What I also find hugely fascinating is the fact that it has come from Ansys — a company that has long dominated the higher-end of the simulation world with its eponymous Ansys system as well as through acquisition of the likes of CFX, Fluent and many more.
For quite some years now, we’ve been told about the mainstreaming of simulation, but it has yet to happen. Part of that reason is down to the difficulty arising from trying to use these tools effectively on non-trivial problems. Yes, there’s a need to skill up when looking to adopt simulation and learn how to apply your innate intuition of how a product performs and the conditions it does so in to a digital simulation.
There’s equally a simple lack of truly easy to use tools that make that process more straightforward. The lengthy solve times in simulation (even with today’s high-speed computation) don’t help at all. If you can iterate more quickly, then you learn from your mistakes and successes more quickly.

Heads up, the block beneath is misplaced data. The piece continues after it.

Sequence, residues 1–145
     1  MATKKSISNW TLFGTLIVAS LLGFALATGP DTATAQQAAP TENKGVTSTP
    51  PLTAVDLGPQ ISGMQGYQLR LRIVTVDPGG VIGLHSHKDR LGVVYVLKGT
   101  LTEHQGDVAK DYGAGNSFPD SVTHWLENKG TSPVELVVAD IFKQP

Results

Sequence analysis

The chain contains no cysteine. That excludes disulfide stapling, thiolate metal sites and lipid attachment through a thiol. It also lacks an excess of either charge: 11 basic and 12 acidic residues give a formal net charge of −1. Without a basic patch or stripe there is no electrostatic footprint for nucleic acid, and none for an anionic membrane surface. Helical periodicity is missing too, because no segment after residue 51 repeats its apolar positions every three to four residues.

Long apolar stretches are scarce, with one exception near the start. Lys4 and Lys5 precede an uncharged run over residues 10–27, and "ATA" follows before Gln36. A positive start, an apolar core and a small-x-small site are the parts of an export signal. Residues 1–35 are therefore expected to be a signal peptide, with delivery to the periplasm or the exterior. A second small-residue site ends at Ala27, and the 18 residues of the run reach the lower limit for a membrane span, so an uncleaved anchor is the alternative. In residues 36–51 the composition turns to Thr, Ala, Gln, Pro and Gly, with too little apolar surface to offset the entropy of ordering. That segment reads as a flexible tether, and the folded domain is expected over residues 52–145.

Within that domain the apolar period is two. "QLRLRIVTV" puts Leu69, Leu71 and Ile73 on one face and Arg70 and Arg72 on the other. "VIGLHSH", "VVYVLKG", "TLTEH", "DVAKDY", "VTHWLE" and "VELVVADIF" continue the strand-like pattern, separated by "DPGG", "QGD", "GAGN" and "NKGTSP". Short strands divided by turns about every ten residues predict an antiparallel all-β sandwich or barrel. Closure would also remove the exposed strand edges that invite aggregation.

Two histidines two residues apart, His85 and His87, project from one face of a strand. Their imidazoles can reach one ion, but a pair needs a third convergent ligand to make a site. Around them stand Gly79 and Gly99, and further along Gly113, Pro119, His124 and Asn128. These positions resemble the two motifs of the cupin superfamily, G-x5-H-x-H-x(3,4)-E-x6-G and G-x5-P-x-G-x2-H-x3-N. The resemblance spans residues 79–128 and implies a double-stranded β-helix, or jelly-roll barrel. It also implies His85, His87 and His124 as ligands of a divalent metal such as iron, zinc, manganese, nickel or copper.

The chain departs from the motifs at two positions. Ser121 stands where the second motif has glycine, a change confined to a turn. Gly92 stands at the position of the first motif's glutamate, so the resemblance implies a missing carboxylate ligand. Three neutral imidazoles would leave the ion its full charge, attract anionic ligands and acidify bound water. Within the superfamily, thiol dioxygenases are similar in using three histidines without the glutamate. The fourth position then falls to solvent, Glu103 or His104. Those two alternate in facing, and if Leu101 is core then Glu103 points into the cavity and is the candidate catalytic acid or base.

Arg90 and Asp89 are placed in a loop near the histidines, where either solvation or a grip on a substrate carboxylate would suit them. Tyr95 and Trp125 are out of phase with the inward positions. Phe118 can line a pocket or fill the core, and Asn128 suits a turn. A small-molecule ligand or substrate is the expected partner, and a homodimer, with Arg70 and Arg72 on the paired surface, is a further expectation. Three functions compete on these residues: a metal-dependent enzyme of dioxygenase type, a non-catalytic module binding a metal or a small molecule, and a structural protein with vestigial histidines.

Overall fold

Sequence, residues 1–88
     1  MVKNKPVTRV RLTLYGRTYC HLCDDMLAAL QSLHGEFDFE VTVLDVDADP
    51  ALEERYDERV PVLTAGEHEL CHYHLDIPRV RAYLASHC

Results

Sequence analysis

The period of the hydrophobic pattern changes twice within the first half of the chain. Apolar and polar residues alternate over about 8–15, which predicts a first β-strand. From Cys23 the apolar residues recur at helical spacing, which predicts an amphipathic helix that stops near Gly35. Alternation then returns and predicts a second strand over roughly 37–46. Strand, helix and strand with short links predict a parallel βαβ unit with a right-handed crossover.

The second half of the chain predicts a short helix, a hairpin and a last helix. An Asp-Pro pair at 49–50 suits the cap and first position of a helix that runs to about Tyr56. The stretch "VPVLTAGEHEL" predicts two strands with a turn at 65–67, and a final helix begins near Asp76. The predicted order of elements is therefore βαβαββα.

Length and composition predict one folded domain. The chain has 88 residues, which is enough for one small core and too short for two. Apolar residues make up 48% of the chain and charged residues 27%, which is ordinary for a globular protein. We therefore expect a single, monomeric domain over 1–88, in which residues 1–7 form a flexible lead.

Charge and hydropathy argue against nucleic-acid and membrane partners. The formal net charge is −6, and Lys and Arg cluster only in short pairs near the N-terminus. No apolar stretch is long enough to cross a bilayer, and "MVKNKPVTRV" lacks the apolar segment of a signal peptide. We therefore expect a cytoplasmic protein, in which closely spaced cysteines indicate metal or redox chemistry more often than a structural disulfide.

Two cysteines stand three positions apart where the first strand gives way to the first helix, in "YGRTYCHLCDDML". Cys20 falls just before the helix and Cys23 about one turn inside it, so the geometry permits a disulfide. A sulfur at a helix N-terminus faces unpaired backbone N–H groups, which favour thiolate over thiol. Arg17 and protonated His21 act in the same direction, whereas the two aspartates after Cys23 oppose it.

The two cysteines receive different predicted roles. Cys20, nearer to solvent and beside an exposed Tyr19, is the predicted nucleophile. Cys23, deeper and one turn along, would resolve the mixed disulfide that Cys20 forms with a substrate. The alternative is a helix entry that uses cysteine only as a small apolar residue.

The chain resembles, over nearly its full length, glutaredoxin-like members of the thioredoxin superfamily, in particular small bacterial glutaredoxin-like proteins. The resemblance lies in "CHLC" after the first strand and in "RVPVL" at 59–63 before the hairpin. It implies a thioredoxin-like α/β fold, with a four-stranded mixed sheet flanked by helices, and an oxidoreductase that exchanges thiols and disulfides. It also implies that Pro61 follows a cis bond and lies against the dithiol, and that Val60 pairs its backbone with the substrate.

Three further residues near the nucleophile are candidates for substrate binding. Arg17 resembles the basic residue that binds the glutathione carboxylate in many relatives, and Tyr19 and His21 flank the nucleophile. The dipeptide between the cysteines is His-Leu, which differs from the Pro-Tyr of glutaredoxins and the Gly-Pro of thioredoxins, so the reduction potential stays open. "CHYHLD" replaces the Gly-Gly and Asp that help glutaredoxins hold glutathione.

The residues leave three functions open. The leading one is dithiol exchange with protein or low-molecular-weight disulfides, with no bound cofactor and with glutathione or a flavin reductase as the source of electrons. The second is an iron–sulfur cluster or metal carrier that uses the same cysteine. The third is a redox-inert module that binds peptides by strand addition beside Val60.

For the experienced simulation user, there’s going to be a period of experimentation.
Discovery Live uses a new approach, one that is volumetric in nature, and unlike other solvers out there. The simple fact that the results come back so quickly is going to raise a lot of questions and that’s something that only use and time will prove out.
Will a system like this replace the traditional simulation tools? The answer is unclear and impossible to predict. I suspect not and if it does, it’ll be years before that’s possible. In the meantime, we have a tool built by one of the leaders in the field, that’s ideal for early stage development simulation and one that supports rapid iteration backed up with a greaterunderstanding of how a product can perform in several areas.